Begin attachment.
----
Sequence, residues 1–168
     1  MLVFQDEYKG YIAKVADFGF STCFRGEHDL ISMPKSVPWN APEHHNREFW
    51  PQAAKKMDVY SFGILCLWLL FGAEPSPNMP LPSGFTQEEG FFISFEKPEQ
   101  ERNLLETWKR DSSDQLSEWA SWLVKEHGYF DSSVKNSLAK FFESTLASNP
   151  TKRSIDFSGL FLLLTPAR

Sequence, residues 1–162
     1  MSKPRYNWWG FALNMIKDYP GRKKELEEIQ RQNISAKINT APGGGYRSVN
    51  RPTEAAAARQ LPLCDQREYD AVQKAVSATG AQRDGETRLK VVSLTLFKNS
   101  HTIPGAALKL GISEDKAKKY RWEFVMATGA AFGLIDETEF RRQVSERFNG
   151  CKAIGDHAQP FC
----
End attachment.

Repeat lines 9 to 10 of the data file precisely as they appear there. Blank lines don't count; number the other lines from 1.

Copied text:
   101  HTIPGAALKL GISEDKAKKY RWEFVMATGA AFGLIDETEF RRQVSERFNG
   151  CKAIGDHAQP FC